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What Can The NBA Do With Donald Sterling?

In a protest against comments attributed to Los Angeles Clippers owner Donald Sterling, the team's players wore their red warm-up shirts inside out to hide the team's logo. The NBA is still working to confirm Sterling made the controversial statements.
Marcio Jose Sanchez
In a protest against comments attributed to Los Angeles Clippers owner Donald Sterling, the team's players wore their red warm-up shirts inside out to hide the team's logo. The NBA is still working to confirm Sterling made the controversial statements.

After a weekend in which the Los Angeles Clippers' playoff games were played in the shadow of racially inflammatory remarks attributed to team owner Donald Sterling, the NBA is trying to determine whether Sterling did in fact make the comments — and if he did, what to do about it.

The league has refused to elaborate on possible punishments, commenting on the matter only to say that it is investigating what Commissioner Adam Silver calls "disturbing and offensive" statements made on an audio recording that was published by TMZ Friday night.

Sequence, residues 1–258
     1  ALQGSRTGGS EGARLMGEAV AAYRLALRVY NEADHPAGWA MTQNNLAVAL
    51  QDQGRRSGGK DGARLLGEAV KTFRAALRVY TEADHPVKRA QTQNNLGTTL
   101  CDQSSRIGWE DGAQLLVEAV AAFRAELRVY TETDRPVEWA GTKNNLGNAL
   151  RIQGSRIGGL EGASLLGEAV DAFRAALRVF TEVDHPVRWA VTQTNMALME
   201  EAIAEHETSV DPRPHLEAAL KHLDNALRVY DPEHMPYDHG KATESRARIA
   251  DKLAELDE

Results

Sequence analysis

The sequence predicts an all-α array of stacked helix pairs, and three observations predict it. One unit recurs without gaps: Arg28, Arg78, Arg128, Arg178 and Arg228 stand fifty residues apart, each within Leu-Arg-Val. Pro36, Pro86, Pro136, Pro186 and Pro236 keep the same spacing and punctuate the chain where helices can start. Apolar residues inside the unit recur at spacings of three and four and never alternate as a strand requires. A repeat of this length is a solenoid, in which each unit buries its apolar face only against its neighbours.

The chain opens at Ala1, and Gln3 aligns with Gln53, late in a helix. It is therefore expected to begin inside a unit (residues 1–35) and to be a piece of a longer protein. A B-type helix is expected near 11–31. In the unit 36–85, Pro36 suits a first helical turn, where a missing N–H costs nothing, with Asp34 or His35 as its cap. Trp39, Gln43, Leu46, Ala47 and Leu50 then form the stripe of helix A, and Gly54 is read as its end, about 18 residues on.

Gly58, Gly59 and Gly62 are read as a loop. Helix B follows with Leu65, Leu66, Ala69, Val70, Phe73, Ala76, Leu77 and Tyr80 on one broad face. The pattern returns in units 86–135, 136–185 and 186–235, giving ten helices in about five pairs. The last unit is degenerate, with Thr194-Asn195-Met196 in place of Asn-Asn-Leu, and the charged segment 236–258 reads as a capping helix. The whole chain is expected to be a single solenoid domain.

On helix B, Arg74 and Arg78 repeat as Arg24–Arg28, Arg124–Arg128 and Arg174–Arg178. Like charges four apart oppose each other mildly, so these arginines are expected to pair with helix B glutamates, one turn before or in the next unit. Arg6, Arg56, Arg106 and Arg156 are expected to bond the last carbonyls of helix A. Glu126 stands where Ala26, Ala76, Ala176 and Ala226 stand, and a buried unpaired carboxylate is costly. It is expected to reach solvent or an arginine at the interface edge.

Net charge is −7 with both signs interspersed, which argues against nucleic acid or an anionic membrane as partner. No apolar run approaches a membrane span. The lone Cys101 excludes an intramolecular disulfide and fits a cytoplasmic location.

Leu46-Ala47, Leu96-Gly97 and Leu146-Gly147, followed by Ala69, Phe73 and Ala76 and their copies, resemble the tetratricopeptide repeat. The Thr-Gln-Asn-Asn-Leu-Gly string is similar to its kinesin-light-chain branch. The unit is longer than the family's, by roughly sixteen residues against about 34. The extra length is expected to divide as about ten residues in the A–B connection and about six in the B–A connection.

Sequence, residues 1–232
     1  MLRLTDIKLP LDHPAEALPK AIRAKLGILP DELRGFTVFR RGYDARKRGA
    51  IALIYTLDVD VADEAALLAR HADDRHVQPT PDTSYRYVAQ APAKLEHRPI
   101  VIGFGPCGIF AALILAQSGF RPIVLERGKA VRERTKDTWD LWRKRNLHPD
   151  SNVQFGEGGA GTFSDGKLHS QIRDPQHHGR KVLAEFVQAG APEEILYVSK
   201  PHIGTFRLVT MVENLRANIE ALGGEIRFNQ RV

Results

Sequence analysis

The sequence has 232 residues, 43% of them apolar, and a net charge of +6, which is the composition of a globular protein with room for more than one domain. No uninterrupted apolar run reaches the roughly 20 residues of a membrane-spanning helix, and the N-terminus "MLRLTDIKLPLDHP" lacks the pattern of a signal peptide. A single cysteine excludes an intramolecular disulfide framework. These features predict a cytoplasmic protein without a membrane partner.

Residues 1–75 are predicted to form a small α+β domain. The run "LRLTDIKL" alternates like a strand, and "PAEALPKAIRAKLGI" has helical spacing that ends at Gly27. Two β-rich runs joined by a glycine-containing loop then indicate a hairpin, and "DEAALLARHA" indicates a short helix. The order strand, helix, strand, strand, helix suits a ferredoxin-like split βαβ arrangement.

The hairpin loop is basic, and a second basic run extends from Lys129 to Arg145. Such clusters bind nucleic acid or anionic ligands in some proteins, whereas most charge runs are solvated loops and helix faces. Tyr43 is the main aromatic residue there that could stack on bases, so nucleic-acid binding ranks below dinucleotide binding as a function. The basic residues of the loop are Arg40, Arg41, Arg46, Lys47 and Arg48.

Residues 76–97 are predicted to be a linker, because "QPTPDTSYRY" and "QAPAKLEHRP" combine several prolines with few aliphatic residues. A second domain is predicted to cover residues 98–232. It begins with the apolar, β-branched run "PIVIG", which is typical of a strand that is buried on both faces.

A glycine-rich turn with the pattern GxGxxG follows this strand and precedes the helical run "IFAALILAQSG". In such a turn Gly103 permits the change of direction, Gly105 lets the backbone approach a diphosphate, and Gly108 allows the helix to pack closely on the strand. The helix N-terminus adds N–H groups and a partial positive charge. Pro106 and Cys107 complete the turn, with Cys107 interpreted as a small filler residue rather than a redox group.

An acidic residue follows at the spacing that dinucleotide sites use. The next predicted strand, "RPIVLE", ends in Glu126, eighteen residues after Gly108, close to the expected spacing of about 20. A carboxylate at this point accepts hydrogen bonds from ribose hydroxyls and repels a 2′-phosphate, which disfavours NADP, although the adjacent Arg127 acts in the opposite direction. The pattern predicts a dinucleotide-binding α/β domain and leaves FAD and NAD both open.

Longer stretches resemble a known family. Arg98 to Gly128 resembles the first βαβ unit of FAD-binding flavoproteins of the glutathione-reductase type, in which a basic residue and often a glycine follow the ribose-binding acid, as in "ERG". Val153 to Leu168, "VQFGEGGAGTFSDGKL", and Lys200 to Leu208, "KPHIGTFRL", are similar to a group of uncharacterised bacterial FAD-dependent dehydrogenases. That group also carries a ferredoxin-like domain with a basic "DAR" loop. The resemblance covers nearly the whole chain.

If you're catching up to this story, Sterling is accused of criticizing a woman for "associating with black people" and saying of NBA legend Magic Johnson, "don't bring him to my games."

Those and other comments have sparked outrage and anger — and calls for the NBA to take the team away from Sterling.

The Clippers organization has released a statement that doesn't outright deny the voice on the recording belongs to Sterling. Calling the comments "the antithesis" of what Sterling actually believes, the Clippers say it's crucial to determine whether the audio might have been altered or edited.

If the tape is verified, Sterling's punishment could range from a fine to a suspension — or even expulsion from the league, according to Michael McCann, the director of the Sports and Entertainment Law Institute at the University of New Hampshire.

McCann spoke about those possibilities with NPR member station KPCC over the weekend. Here's how he breaks them down, listed by severity:

A fine "may be seen as the weak penalty," McCann says, "because Donald Sterling is worth somewhere in the neighborhood of $1.9 billion." He adds that if it follows this path, the NBA would very likely donate the money to charity.

A suspension "would be a bolder step," McCann says. "It's one that the NBA hasn't taken but it's one that I think many people would find to be justified, especially his own players who are clearly upset by the remarks that he allegedly made."

An expulsion would mean that Sterling "would likely sue the NBA for breach of contract, his franchise agreement and potentially an antitrust claim," McCann says.

A long suspension would be one way the NBA could try to pressure Sterling into selling the team. But as McCann tells KPCC, the Clippers owner could make prolonged legal arguments over the fair value of the franchise.

It isn't likely that the NBA would consider the drastic step of revoking Sterling's standing as the owner of the Clippers franchise, ESPN reports, "because of the legal ramifications of such a bold decision."